Now for the work to start.  First, the removal of all the hardware from the decks.  That meant, all of the winches, chain plates, stanchions, blocks, cleats, vents, mast cover around the deck, the dodger frame and cover and both the bow and stern pulpits.  Lots of work.  Second, taking off the old non-skid took more than two weeks.  No amount of sanding or scraping was going to take that stuff off.  So, Geoff attacked it with a heat gun and scraper.  It took forever.  Then sanding it smooth enough to put some epoxy down.  Then more sanding.  Then faring compound and more sanding.  Then base coat, then more sanding.  Then primer, light sanding, then paint, then non-skid paint.  During all of the this time, it rained a tremendous amount.  It felt we could not go more than 2-3 days without it raining.  We have also had 3 cyclones pass by NZ.  So, the weather has not been very cooperative.  In between the rain and trying to paint, was ensuring the interior of the boat was not getting soaked because of all the holes in the deck!  

Some hardware came off, the dodger, windlass, port hole covers, winches, railing, etc
Starting of the scraping / sanding

Geoff looking thrilled about sanding.
Stanchions came off and more scraping/sanding

Several weeks to get to this point due to rain

closer look

We did celebrate Christmas on the boat and Geoff took a day off of sanding! And we also met our friends from SV Outer Rim, who were visiting NZ while they were in Australia.  We hiked the Mangawhai Heads with them.  It was a great day and a nice day off of boat work.

Our Christmas Tree

Lots of presents

Hiking Mangawhai Heads with SV Outer Rim

Ridge view over the ocean

Walking back via beach route

Great day with great friends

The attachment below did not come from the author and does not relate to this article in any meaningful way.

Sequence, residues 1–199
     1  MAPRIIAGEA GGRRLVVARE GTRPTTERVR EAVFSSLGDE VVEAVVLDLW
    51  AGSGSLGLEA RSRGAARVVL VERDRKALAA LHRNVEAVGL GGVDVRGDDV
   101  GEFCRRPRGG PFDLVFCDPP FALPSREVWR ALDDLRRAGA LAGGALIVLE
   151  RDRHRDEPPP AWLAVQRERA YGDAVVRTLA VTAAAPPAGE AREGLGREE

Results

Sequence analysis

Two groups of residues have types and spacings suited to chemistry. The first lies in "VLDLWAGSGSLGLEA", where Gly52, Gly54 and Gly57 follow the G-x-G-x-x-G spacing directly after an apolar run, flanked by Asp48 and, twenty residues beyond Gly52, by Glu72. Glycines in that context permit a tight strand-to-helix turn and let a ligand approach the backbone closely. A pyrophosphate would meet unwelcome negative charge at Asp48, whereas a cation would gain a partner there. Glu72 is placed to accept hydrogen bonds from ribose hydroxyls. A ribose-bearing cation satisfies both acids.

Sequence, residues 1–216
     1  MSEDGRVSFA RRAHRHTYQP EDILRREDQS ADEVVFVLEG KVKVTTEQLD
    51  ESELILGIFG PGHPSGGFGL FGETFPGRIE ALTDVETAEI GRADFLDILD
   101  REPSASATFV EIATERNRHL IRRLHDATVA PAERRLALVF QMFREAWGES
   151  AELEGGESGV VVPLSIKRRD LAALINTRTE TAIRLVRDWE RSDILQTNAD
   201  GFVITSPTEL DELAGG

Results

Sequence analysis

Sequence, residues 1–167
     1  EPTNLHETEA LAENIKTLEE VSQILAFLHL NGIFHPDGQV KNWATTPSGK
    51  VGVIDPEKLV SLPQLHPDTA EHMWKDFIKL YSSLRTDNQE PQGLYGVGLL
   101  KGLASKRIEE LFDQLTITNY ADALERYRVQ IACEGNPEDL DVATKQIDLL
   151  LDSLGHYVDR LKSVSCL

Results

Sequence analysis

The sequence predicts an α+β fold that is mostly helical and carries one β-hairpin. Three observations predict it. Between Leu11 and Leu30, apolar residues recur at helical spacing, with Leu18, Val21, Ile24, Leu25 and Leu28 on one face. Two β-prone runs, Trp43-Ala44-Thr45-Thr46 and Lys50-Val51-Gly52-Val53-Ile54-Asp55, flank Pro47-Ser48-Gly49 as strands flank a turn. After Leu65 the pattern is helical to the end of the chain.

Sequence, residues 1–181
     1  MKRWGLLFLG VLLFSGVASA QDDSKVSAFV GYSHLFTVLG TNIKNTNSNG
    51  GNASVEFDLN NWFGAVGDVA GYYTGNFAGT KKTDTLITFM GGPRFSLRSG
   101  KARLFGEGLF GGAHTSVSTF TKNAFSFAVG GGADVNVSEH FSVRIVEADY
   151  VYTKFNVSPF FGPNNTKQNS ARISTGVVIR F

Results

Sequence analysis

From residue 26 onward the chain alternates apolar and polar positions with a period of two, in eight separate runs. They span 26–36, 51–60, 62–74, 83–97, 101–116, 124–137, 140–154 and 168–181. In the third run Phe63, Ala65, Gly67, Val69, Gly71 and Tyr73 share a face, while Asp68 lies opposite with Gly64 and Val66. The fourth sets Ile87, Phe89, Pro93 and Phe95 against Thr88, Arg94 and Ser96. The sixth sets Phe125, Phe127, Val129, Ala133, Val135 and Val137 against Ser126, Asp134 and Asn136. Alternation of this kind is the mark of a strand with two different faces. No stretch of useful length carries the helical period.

More boat work in between

 Epoxy on the deck. Nice and shiny and very slippery!

Primer.  It was weird that it was not white.  Everyone thought we were painting the boat this color!

Paintball fun in between deck work.  

Kids vs. adults.

Not sure it was really fair

Cabin painted 

Geoff painting aft cabin

Miriam celebrated her 50th birthday in Auckland with special treats.  Lots of dessert!

Ice cream with a donut!

Ice cream with chocolate moon

Ice cream toppers - chocolate art

More ice cream art - chocolate ice cream toppers

Rolled ice cream

Similar to Cold Stone where they mix up all the ingredients on a cold plate

But they scrap it into thin rolls


Whopping dessert night!

While in Auckland, we got to see another Lapworth 50.  There were only 6 built.  The one below is the number one hull, named Ichiban.  The gentleman restoring her was not available, but allowed us to come and look at her. 

Ichiban stripped down to her planks.  Lots of work to be done, but amazing how well the work is.

Geoff going up to take a peek

Ichiban has the original rudder which is attached to the keel.  She also has the new rudder aft.

We noticed how different our boats are from one another.  
Cabin railing, center hatch and companion way on starboard, ours is more centered

Cabin and decks 

Down below looks similar, but differences in location of lockers and galley

Vents and railings

Getting hardware put back on so outlining of non-skid can happen

Dodger hardware back on and vents mounts

Miriam got a new anchor for her birthday!  Rocna 33kg

Looks much bigger than our old anchor

Paint on the decks and cabin top

Taping for the non-skid 

Lots of taping and marking

Measuring for accuracy

Non - skid down and taking the tape off. - Finished

Finished with the non-skid, we drove out to the west coast and walked the beach.  It was a cloudy day, but a nice feeling to be done with the deck.

Noah dabbing

Big waves on the west coast.  

Up Next - Touring the places we missed last year in New Zealand.